My short stories are like personal essays. They are my way of reacting to and dealing with important life events. If I am particularly angry or upset, I write in order to get the chaos inside me into some sort of order. I see my stories as I see my tattoos – as physical marks, embodying life ‘markers’. When my dad died, for instance, I got a tattoo, and I wrote about the grieving process. When I quit drinking alcohol, I got a tattoo, and I wrote about the recovery process.
In this sense, writing is about control. Taking control of my own life with ink – creating a piece of art built to last, turning pain into something beautiful.
As my tattoos became more obvious, I found that more and more people felt the need to comment on them, to give their opinion on how ‘moral’ I was, how ‘thuggish’ or ‘ugly’ I looked. At first, I worried that my body was becoming public property, that I no longer owned the distinctly personal messages that I (along with my tattoo artist) had laid down on my skin, that my body art was seen as nothing more than a set of mission statements to the outside world.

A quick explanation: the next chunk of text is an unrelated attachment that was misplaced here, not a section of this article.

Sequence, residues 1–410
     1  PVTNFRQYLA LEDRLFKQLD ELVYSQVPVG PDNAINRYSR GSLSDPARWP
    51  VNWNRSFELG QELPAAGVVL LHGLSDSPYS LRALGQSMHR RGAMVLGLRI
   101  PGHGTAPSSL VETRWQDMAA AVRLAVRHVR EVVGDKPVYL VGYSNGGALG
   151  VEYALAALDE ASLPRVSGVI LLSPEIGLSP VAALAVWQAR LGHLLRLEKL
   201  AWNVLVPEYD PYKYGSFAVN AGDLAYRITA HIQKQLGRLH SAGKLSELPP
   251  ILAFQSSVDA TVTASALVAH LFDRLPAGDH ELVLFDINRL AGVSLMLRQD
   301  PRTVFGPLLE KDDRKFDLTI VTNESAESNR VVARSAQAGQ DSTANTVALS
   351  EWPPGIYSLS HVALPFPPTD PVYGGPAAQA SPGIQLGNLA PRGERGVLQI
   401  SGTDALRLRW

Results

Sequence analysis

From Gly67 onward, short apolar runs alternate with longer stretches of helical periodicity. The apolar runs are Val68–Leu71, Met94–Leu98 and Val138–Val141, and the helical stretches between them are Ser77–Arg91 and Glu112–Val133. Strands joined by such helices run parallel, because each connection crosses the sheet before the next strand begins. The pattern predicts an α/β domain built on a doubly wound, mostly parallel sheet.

A similar thing has happened with my writing. The more public my work has become, the more my world view has been challenged. I recently read out a story about plans for my own funeral, and an audience member remarked, ‘Why are you so angry with your mother?’ It is of course natural and healthy that people will glean all sorts of meanings from my work. It is part of the joy of being a reader, and indeed the joy of being a writer. However, I do not write, in the first instance, to tell other people about myself. I write to turn my insides out. I write in order to express my human experience, to lay down my roots on the page and keep myself grounded.